Edge Magazine reports that Oculus VR is hoping that the Oculus Rift headset will offered free at the point of purchase if the company finds the correct business model. Oculus VR CEO Brandan Iribe revealed this interesting tidbit of news during the Develop In Brighton 2013 event last week as the team was showcasing a new Oculus Rift HD prototype.
“The lower the price point, the wider the audience,” Iribe told the magazine. “We have all kinds of fantasy ideas. We’d love it to be free one day, so how do we get it as close to free as possible? Obviously it won’t be that in the beginning. We’re targeting the $300 price point right now but there’s the potential that it could get much less expensive with a few different relationships and strategies."
One of those strategies could be a subsidized structure where customers would pay a small fee up front and make payments on the device over the course of one or two years. That would help offset the total cost for customers who can't afford $300 up front. It would also mean a wider audience for Oculus VR and the developers supporting the Rift specs.
"You can imagine if Microsoft and Sony can go out and subsidize consoles because there’s enough money to be made on software and other areas, then there’s the potential that this, in partnership, could get subsidized," he said. "Let’s say there was some game you played in VR that everybody loved and everybody played and we made $100 a month – or even $10 a month – at some point the hardware’s cheap enough and we’re making enough that we could be giving away the headset."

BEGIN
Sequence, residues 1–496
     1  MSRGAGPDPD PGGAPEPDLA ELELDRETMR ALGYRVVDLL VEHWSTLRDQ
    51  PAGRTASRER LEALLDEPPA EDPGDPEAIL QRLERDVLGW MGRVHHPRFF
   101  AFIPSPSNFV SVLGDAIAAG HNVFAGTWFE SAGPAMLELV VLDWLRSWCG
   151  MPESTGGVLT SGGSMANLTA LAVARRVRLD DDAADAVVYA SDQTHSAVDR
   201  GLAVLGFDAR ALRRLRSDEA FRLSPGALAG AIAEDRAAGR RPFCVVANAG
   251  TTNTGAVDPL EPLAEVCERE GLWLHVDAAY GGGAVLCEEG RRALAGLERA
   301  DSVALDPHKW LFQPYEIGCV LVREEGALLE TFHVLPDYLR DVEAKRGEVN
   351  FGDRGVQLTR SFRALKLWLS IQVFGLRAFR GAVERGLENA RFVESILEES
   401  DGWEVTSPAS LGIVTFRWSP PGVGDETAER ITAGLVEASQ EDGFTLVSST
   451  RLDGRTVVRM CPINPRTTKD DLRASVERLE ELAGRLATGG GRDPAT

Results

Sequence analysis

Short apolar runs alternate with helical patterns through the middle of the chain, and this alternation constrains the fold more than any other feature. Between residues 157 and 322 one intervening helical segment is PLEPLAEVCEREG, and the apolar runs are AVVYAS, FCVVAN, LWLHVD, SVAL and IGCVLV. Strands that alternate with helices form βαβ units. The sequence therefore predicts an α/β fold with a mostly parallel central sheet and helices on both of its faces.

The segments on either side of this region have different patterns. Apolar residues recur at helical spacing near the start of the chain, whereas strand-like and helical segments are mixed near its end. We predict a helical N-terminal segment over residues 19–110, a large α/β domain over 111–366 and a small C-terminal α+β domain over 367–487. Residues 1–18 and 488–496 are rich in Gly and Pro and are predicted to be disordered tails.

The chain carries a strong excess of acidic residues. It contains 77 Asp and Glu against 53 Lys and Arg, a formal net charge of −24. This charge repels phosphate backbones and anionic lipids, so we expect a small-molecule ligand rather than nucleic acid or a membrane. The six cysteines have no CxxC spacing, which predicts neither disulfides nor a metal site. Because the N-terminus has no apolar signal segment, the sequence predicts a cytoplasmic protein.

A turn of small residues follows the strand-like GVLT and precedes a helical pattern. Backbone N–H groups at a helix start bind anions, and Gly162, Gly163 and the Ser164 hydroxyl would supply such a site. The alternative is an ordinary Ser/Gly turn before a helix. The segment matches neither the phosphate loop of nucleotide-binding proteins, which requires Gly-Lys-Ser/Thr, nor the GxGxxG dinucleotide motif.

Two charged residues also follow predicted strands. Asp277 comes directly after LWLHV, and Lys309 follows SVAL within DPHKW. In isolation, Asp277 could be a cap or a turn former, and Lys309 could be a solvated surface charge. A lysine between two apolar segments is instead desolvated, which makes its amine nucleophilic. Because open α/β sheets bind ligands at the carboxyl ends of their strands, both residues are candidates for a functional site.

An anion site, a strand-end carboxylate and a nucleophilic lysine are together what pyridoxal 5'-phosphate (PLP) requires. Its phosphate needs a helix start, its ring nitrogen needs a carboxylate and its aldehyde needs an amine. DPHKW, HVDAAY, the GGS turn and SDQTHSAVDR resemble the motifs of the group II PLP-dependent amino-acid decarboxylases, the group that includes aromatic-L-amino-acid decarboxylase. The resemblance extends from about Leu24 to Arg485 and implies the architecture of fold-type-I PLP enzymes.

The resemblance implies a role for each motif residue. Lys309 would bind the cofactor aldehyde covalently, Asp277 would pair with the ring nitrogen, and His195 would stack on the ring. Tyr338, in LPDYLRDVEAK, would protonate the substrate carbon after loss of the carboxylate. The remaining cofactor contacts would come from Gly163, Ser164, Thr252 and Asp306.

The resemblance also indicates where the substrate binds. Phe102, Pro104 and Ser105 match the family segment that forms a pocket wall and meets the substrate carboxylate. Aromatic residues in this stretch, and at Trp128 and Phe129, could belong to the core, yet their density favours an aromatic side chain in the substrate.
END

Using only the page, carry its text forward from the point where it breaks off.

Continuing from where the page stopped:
Right now the Oculus Rift is only available as a $300 dev kit, and so far it's unclear how the VR headset will be offered to consumers when it launches next year. That means the team still has plenty of time to toss around ideas on how to get Rift into the hands of as many gamers as possible.
"We’re not there yet, but we’re sitting there thinking all the time, how can we make this free? You want everybody to play it and the cheaper it is, the more people are going to go out and buy it," he said.
Free is good, but the $300 price tag is worth every penny in my book.